by Rosalyn Carson-DeWitt, MD
Anatomy and Physiology
The knee joint is made up of three bony parts: the femur, the tibia, and the patella. Normally, these bones glide freely when the joint bends, due to smooth cartilage and thin membranes that line the inside of the joint and produce lubricating synovial fluid.
These bones are held in position by four main ligaments: the lateral collateral, medial collateral, anterior cruciate, and posterior cruciate. In addition, two C-shaped fibrous pads separate the femur and tibia. These so-called menisci act as shock absorbers and provide support for the knee joint.
Reasons for Procedure
The most common knee joint problems are either due to osteoarthritis, a condition which tends to occur as joints age, or injuries related to athletics or work. These may result in tears of the ligaments or menisci, loose fragments of bone or cartilage, or instability of the joint.
Symptoms of osteoarthritis include: pain, usually worsened by weight-bearing activities, difficulty walking, swelling of the joint, pops, clicks, or grinding of the joint.
Similar symptoms may occur if you have injured any of the structures of your knee joint. In addition, you may notice: sudden buckling or giving way of the joint; a sense of the joint getting stuck in a certain position.
Knee problems such as osteoarthritis or injuries are usually first treated with non-surgical methods such as: anti-inflammatory medications like ibuprofen, physical therapy or other prescribed exercises to strengthen the muscles that support the knee joint, a special device called a knee stabilizer to support the joint when the knee is stressed during weight-bearing activities, if needed, weight loss to reduce ongoing stress on the joint.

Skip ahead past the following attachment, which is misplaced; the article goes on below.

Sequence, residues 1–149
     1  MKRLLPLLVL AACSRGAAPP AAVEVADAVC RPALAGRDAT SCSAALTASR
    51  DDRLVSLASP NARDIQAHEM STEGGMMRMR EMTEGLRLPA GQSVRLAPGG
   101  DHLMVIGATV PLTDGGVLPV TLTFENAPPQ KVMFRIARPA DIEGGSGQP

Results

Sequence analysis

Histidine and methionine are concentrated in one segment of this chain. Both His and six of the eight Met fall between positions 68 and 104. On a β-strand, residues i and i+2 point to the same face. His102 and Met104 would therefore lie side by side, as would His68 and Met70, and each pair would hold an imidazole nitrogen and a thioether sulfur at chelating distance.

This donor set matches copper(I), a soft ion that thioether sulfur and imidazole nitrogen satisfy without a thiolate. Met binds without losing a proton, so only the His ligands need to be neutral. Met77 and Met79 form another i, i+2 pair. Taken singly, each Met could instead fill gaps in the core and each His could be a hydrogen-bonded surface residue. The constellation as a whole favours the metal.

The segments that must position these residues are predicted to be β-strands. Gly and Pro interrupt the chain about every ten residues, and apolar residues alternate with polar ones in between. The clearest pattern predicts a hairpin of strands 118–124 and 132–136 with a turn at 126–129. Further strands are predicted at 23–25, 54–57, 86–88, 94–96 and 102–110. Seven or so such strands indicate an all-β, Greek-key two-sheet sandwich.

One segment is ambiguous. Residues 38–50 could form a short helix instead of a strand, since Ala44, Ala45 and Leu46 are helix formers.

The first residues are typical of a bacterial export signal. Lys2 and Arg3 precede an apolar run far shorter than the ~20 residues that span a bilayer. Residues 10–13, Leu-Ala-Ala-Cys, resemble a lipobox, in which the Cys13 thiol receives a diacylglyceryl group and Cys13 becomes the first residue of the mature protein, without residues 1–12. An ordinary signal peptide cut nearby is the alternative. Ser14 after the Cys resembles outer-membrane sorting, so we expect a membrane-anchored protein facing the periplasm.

If noninvasive methods fail, steroid medications may be injected directly into your knee joint to decrease inflammation and pain and to improve mobility.
If pain and disability persist, knee arthroscopy may be recommended. This procedure is useful to treat tears of the menisci and to remove loose bodies in the knee. In knee arthroscopy, a fiberoptic instrument with a lighted tip is inserted into your knee joint in order to visualize, diagnose, and treat certain knee problems.
Arthroscopic procedures are designed to avoid open surgical procedures, which involve a single large incision and longer recovery periods.
In the days leading up to your procedure: Arrange for a ride to and from the hospital and for help at home as you recover. The night before, eat a light meal and do not eat or drink anything after midnight. If you regularly take medications, ask your doctor if you need to temporarily discontinue them. Do not start taking any new medications before consulting your doctor.
Knee arthroscopy is usually done under spinal or local anesthesia. If this is the case, you will remain awake, but sedated, during the procedure and the lower half of your body will be rendered numb. If general anesthesia is used, you will be kept asleep.